Ajmal Kasab, the lone surviving gunman from the 2008 Mumbai terror attacks, climbed the scaffold on Nov. 21 last year. It was the first execution since 2004 in India, where more than 300 prisoners sit on death row as they await the day of their death by hanging.
Now, in the wake of the gang rape and murder of a woman in Delhi last month that sparked widespread protests, the debate is raging in India: Should rapists be added to those 300? Should the world’s largest democracy extend the application of the death penalty to those criminals at a time when most other nations that still use capital punishment are moving away from it?
Many Indians, as well as right-wing political parties, including the opposition Bharatiya Janata Party (BJP), are now calling for the death penalty for rapists. In the wake of the killing of the young woman last December, who died after being raped by a group of men on a bus, the government appointed a three-person panel to look into the possibility of enhancing the penalties for rape and introducing quicker trials for sexual crimes -- currently, the maximum sentence for rape is life in prison, under the Indian Penal Code enacted in 1860 and largely unchanged since. However, many rapes are not prosecuted in India.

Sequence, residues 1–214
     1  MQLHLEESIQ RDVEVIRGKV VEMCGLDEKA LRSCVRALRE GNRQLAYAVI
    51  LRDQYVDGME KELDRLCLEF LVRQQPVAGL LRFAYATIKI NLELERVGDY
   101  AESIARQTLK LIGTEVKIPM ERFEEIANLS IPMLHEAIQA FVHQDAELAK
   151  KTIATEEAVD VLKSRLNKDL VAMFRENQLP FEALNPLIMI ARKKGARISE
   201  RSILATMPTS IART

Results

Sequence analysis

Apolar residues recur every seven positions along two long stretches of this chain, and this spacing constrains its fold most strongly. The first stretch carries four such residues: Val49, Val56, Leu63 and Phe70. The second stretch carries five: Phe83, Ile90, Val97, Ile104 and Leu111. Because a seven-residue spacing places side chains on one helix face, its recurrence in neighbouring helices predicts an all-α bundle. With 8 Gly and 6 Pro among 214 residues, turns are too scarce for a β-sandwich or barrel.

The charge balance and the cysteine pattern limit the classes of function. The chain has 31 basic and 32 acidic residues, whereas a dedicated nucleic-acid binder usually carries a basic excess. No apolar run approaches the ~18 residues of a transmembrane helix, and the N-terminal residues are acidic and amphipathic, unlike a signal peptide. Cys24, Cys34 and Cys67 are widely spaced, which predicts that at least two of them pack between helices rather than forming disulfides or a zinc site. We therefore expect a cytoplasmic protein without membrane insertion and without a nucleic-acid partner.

The Justice Verma Committee, headed by former chief justice of India J.S. Verma, includes Leila Seth, former chief justice of the state of Himachal Pradesh, and Gopal Subramaniam, former solicitor general of India. The committee, formed on Dec. 24, received more than 6,000 emails before it held its first meeting on Dec. 26, and it continued to accept suggestions until Jan. 5.
The panel has to make recommendations to the government within 30 days of concluding its work. It is unlikely, however, that its executive, led by the center-left Congress Party, will recommend the death penalty for rapists.
“Life Imprisonment Is More Severe”
A draft proposal submitted by the Congress Party last week recommended life imprisonment and the creation of dedicated fast-track courts with a deadline of three months for judging sexual assaults, despite support for hanging rapists from the party’s women's organization.
India’s Law Minister, Ashwani Kumar, voiced on Thursday his support for life in prison over the death penalty: “A lot of experts and jurists have told me that life imprisonment is more severe than the death penalty for rapists,” he said.
Political factions echoing that view include the Communist Party of India-Marxist, which has said that the maximum punishment in cases of aggravated sexual assault and rape must be rigorous life imprisonment until death.
Members of the Student Bar Association of the National Law School of India University, who submitted their recommendations to the Verma committee, were of the opinion that the death penalty was a “knee-jerk reaction” that would be counterproductive. “Imposing the death penalty will ensure sympathy for the ... accused and a fall in conviction rate. Even when condemned to the death row, only a small percentage actually makes it to the executioner’s block,” the association said in a report submitted to the committee.
The report added that chemical castration, another proposal being floated, was “inappropriate as it misunderstands the nature of rape as a crime,” and that rape was “not just about [the] uncontrolled manifestation of sexual urges.”
But there is no lack of support for hanging rapists.
Guillotine, Castration, And Branding